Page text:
Description of cloud cases
Variability of cloud properties and cloud radar observations
Temperature and net radiative flux profiles
Vertical wind distributions
Cloud droplet activation and activation efficiency curves
Model sensitivity analysis to inputs related to aerosol mixing state in simulations of case 1
Cloud microphysics and derived quantities
Emulation of the radar Doppler velocity.
The supplement related to this article is available online at: https://doi.org/10.5194/acp-22-12417-2022-supplement.
SC, JT, SR, HK and AV planned the study. AB, JT, MK, AL, HL, DM, IP and PT performed the observations and provided the data. SC made the model simulations. SC, JT, HK and SR performed the analysis, and SC prepared the article with contributions from all co-authors.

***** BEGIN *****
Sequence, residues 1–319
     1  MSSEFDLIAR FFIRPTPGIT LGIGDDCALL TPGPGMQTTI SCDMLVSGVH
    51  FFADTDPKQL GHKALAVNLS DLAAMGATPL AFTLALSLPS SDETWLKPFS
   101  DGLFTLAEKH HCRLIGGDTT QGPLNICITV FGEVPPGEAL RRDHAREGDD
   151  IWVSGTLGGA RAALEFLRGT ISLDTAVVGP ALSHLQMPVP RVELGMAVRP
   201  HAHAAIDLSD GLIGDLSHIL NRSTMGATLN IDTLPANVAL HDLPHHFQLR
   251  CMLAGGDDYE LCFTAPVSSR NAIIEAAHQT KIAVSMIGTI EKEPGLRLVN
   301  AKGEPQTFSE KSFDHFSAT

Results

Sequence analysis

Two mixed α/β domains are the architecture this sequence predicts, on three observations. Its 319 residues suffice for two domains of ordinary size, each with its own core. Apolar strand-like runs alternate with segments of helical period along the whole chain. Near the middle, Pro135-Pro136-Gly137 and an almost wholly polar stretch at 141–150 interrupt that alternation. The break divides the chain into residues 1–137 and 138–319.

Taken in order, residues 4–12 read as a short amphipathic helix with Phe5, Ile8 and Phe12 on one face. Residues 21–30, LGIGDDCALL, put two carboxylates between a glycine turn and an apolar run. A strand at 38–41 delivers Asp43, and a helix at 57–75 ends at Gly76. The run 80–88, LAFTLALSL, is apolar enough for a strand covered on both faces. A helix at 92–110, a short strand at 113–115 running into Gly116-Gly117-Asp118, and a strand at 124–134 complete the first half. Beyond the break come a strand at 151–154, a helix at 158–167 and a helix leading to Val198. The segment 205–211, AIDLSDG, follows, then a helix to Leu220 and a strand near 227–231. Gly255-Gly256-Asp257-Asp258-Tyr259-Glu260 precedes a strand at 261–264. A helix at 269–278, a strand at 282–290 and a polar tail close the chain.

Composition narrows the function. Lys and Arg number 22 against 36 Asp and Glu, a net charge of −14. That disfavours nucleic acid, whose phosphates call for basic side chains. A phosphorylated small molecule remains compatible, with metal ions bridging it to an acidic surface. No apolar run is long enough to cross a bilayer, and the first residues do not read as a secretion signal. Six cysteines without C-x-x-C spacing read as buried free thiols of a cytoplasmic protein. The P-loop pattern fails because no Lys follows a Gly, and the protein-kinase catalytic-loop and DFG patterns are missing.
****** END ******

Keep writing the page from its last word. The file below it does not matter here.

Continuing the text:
One co-author is a member of the Atmospheric Chemistry and Physics Editorial Board. The peer-review process was guided by an independent editor, and the authors also have no other competing interests to declare.
Publisher’s note: Copernicus Publications remains neutral with regard to jurisdictional claims in published maps and institutional affiliations.
Authors thank the Copernicus Climate Change Service (C3S) Climate Data Store for the ECMWF–ERA5 data downloaded from (last access: 13 September 2022) (Hersbach et al., 2020), also thank the Aerosol, Clouds and Trace Gases Research Infrastructure (ACTRIS) for providing the CLU (2022) dataset in this study (CLU, 2022). CLU data were produced by the Finnish Meteorological Institute (FMI) and are available for download from (last access: 13 September 2022).
This research has been supported by the Academy of Finland (grant nos. 309127, 317373, 317390, and 337550) and Horizon 2020 (FORCeS, grant no. 821205).
This paper was edited by Thijs Heus and reviewed by two anonymous referees.